# Why would f(x) not be included in the determinant?

• epkid08

#### epkid08

Let's say I have a matrix A:

$$A=\begin{bmatrix} f(x)& z_1(x)& z_2(x)\\ 0& a(x)& b(x)\\ 0& c(x)& d(x) \end{bmatrix}$$

I've noticed that the determinant of A will either be $$a(x)d(x) - b(x)c(x)$$ or $$f(x)a(x)d(x)-f(x)b(x)c(x)$$. I've never found an example of it taking another form. My question is, is there a way to determine which one it is? Does it depend soley on $$f(x)$$, or does it depend on all functions in the matrix?

Why would f(x) not be included in the determinant?

Why would f(x) not be included in the determinant?

I'm not sure why, but I've found an example, I'll post it in a minute.

The 2 by 2 determinant
$$\left|\begin{array}{cc}a & b \\c & d\end{array}\right|$$

The 3 by 3 determinant
$$\left|\begin{array}{ccc}a & b & c\\d & e & f\\ g & h & i\end{array}\right|[/itex] can be "expanded by the first column" to give [tex]a\left|\begin{array}{cc}e & f \\ h & i\end{array}\right|- d\left|\begin{array}{cc}b & c \\ h & i\end{array}\right|+ g\left|\begin{array}{cc}b & c \\ e & r\end{array}\right|$$
= a(ei- fh)- d(bi- ch)+ g(bf- ce) .

In the special case that the bottom two entries of the first column are 0, that reduces to what you have:
$$a\left|\begin{array}{cc}e & f \\ h & i\end{array}\right|$$
= a(ei- fh).

Hmm, it's very possible that my book made a typo.

This is the example from my book:

Find the Wronskian of the set $$\{x,x^2,x^3\}$$

$$W(x, x^2, x^3)=\left|\begin{array}{ccc}x & x^2 & x^3 \\1 & 2x & 3x^2\\ 0 & 2 & 6x\end{array}\right|$$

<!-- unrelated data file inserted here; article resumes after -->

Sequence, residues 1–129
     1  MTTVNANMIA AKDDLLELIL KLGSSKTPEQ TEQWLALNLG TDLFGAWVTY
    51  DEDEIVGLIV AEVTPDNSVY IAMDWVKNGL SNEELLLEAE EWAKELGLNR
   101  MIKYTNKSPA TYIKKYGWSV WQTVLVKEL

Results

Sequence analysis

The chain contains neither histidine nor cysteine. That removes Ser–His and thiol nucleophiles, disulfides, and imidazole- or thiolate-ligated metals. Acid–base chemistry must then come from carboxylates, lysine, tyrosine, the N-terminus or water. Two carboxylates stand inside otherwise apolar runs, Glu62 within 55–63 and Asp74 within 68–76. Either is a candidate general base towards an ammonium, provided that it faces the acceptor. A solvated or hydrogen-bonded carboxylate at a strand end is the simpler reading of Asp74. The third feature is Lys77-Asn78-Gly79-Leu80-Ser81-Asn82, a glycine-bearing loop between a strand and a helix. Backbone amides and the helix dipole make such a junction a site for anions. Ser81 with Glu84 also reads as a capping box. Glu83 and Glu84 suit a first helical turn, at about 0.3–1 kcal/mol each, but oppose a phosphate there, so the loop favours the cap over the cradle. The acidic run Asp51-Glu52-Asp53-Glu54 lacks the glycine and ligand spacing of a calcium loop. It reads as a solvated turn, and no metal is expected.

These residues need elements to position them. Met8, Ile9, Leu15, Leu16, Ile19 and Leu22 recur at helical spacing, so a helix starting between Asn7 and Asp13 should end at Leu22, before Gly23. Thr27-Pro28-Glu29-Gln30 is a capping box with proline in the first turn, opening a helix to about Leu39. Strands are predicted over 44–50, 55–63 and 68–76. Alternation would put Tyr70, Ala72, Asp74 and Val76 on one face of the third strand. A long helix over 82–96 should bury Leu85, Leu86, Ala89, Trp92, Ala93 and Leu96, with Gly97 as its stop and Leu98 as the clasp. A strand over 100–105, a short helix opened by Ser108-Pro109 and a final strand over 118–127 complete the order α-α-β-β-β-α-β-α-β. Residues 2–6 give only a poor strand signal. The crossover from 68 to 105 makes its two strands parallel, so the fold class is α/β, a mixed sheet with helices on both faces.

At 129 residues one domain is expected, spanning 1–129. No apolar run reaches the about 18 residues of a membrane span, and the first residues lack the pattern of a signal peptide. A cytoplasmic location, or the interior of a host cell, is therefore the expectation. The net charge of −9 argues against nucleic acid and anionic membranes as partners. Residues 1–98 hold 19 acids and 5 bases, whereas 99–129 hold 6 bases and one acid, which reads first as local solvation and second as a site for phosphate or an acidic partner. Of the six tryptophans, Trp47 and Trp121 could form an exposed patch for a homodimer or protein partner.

$$xR_2-R_1 \rightarrow R_2$$

$$W(x, x^2, x^3)=\left|\begin{array}{ccc}x & x^2 & x^3 \\0 & x^2 & 2x^3\\ 0 & 2 & 6x\end{array}\right|$$

Now according to you, the Wronskian should evaluate to $$x((x^2)(6x)-(2)(2x^3))=2x^4$$, but the book has the answer as $$2x^3$$.

Plugging in $$x=5$$ into the function, and using a calculator to evaluate the determinant, it seems like it was a typo all along.

Ehh! :yuck:

Another question.

So if I had a n by n matrix B:

$$B_{n,n} = \begin{bmatrix} f_1(x) & a_2 & \cdots & a_{n-1}& a_n \\ 0 & f_2(x) & \cdots & b_{n-1}&b_n \\ \vdots & \vdots & \ddots & \vdots&\vdots \\ 0 & 0 &\cdots &f_{n-1}(x) & z_n\\ 0 & 0 & \cdots & 0&f_n(x) \end{bmatrix} \]$$

(Ignoring my misuse of Latex, hopefully you know what I mean)

Does $$\det(B)$$ always equal $$\prod^n_{k=1}f_k(x)$$?

Does $$\det(B)$$ always equal $$\prod^n_{k=1}f_k(x)$$?

Yes, if every entry below the diagonal is 0, then the determinant is simply the product of every entry in the diagonal, regardless of what is going on above the diagonal.

It follows from the fact that det I = 1.
By eliminating entries above the pivots in your upper triangular matrix, it can be made into a diagonal matrix.

Since we also know that the determinant is a linear function of each row/column separately, we may factor out:
$$a_{i,j}$$ for i = j you get:

$$a_{11}a_{22}...a_{nn}I$$

As mentioned, det I = 1 and what you get is a product of every entry in the diagonal, just as mr. Pengwuino said.

I am just learning this stuff myself, hope I have not written something crazy :)

Or given that A is upper triangular, expand det(A) by the first diagonal:
$$\left|\begin{array}{cccc}a & b & ... & c \\ 0 & d & ... & e \\ ... & ... & ... & ... \\ 0 & 0 & ... & z\end{array}\right|= a\left|\begin{array}{ccc}d & ... & e \\ ... & ... & ... \\ 0 & 0 & z\end{array}\right|$$
and expand that determinant by the first diagonal, etc.